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Thursday, Sep 21, 2023

Solid Growth Reported At Annual Conference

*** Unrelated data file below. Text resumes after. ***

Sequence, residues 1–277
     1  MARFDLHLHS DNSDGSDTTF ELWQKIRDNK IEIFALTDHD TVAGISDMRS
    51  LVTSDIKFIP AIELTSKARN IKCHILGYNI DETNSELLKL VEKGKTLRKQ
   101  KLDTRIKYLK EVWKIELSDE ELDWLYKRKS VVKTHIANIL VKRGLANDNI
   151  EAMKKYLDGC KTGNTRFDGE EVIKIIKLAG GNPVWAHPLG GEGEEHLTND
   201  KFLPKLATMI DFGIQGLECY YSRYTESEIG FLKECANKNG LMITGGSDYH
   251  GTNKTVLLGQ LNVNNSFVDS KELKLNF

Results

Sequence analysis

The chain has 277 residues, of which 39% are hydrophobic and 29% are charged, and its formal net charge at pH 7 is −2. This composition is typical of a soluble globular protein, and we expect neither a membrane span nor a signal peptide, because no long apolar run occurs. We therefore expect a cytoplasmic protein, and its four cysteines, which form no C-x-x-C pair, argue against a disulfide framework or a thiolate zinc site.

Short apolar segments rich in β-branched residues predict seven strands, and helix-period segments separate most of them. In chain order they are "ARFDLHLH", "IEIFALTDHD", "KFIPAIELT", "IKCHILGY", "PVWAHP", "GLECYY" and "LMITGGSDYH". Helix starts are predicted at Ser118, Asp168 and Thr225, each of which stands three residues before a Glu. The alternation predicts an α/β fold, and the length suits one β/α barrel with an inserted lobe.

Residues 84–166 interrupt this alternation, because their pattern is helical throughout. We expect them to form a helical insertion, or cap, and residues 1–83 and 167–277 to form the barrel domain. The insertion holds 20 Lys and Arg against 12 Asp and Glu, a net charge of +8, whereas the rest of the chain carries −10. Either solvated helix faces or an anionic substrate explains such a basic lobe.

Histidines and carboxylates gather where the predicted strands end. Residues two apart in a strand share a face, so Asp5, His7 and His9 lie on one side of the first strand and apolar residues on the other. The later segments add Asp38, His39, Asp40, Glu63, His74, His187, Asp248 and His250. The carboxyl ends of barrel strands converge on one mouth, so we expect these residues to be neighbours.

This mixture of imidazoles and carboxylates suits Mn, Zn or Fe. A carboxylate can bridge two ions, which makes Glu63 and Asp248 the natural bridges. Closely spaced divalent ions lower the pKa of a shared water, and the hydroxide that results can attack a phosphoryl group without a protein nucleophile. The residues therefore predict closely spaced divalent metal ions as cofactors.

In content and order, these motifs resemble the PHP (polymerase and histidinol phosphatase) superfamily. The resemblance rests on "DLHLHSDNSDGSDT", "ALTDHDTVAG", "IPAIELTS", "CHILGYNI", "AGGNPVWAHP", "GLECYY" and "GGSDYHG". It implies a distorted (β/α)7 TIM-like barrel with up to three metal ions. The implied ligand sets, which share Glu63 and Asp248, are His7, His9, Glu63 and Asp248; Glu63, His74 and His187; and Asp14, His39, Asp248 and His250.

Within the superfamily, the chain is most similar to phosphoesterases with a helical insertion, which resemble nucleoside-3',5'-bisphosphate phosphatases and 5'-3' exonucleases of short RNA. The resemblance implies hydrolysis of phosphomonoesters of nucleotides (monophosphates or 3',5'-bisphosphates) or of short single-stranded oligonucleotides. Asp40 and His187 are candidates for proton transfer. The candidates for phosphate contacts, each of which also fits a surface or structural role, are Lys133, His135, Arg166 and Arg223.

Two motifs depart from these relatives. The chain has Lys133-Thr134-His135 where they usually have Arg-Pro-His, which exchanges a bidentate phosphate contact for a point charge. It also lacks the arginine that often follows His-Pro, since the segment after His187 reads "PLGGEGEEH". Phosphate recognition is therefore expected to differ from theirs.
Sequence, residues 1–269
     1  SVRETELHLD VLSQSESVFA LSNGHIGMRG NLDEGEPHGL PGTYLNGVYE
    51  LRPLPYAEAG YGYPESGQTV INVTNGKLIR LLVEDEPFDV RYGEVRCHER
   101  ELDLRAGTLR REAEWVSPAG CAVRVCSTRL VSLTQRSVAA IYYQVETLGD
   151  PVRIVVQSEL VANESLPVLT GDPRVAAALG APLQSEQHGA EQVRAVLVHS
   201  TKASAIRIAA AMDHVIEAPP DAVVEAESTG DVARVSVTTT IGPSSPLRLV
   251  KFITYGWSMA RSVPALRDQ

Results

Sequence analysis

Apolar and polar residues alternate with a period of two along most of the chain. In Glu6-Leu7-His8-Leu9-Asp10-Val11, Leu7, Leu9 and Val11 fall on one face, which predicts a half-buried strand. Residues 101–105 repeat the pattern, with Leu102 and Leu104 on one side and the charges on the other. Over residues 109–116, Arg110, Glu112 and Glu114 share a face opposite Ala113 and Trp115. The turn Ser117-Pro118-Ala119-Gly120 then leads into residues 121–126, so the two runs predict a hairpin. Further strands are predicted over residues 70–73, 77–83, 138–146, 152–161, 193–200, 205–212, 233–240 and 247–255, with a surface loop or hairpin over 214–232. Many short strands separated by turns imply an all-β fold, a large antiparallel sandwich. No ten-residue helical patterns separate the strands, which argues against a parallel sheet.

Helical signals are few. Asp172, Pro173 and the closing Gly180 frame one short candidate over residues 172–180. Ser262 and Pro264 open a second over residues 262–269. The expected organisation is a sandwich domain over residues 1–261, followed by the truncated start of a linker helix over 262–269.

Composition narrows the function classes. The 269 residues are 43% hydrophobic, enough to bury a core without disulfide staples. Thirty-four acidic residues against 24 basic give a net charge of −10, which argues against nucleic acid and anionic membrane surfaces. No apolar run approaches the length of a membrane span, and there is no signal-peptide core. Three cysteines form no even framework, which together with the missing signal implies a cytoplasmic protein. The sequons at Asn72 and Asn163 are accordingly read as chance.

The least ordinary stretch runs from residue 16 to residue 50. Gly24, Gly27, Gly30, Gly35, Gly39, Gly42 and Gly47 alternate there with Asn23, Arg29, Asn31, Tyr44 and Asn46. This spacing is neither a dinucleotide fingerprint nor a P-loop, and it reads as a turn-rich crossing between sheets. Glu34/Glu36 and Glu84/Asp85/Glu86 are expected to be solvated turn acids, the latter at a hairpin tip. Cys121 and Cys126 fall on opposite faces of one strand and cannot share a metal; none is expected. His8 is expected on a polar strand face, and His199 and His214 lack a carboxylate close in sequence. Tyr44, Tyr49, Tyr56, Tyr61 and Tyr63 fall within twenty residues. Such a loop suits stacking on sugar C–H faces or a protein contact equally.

The 16th annual Valley Industry and Commerce Association Forecast Conference, held on October 29, provided Valley businesspeople with concrete evidence that the local economy is on the upward slope. A report issued by Cal-State Northridge San Fernando Valley Economic Research Center director Daniel Blake claimed that job growth has returned to the San Fernando Valley. The Valley’s private sector added more than 7,600 jobs last year, a 1.2% increase when compared with 2002. “The San Fernando Valley economy is on a solid growth. All of the local indicators point to a continued expansion of Valley jobs and payrolls,” Blake said.” Consistent with the leap in job growth, Blake also asserted that the Valley’s unemployment claims descended sharply in the first half of 2004. “This 2004 descent even defied the Valley’s normally strong seasonal pattern of rising unemployment claims in the first half of the year,” Blake said. Jack Kyser, chief economist at the Los Angeles County Economic Development Corp. followed Blake at the lectern, issuing a more measured but still optimistic prognosis for the Los Angeles economy. “We’ve had 4.5% growth which is very solid. The economy is going to slow down in terms of GDP but job growth will be a little bit better. In order to keep the economy going we will need a very strong push on productivity,” Kyser said. “Consumer confidence has started to recover and after-tax profits are strong. That generally means more jobs, but companies are still very cautious.” Kyser also mentioned that the budgetary woes that have plagued Sacramento in recent years will continue into 2005. “We’ll be faced with a major budget issue next year in Sacramento, so get ready,” Kyser said. Even with the possibility of Sacramento’s financial struggles continuing into the next year, Valley businesspeople in the audience came away pleased with the economists’ latest findings. “I’m a community college president and this conference gave me an idea of what my job is going to be like in the next year and what programs and curriculums we can strengthen. It was good information that showed some positive growth and trends for the future,” Pierce College President Thomas Oliver said. Outsourcing discussed Another highlight of the VICA conference was a discussion of the future workforce, outsourcing, and “home” sourcing. In that panel, Darren Dang, managing director of Karen Hill Scott Co., Teague McKnight, vice-president of Outsource Plus, and USC professor Frances Pereira debated the pros and cons of outsourcing. “Something to consider when outsourcing, is whether or not the task to be outsourced is core to your company or not. Such things such as creative tasks and intellectual property can never be outsourced,” Dang said. “Sometimes when people outsource, they get too hands off. Always leave a paper trail and be in constant communication with the other company you are working with.” Pereira advised companies not to necessarily rush to outsource, as “home” sourcing can also be a viable option. “Jet Blue provides customer support in a virtual environment saving them a great deal of overhead in terms of office space and other factors. We have to change the way that we do business in order to get full savings. There needs to be a new matrix in productivity measures. Working from home and not going into an office can minimize traffic congestion as well,” Pereira said. Outsourcing inevitable? Ultimately, all three speakers agreed that outsourcing was the inevitable product of globalization and in the long run it will be a boon to the American economy. In another session, Los Angeles County Supervisor Michael Antonovich, John Chiang from the State Board of Equalization, and Bruce Seaton, interim executive director of the Port of Los Angeles weighed in on globalization in Los Angeles. Antonovich advised Angeleno city planners to improve their utilization of the Palmdale and Ontario airports. “In the 1960s, the city planners actually had a vision for a regional airport system and accordingly they bought land in Palmdale and Ontario for the airports. Today’s vision can’t even be called a vision. They feel that this one plan from the past can fit the Los Angeles of the future. It can’t,” Antonovich said. Chiang stressed the importance of bringing California’s antiquated tax code into the new century. “The greatest concern for Los Angeles and globalization is that we have to make sure we have the ability to compete internationally. The key tax financial structure was created in the 1930’s,” Chiang said. “Our financial structure indicates that we need a monumental turn.”

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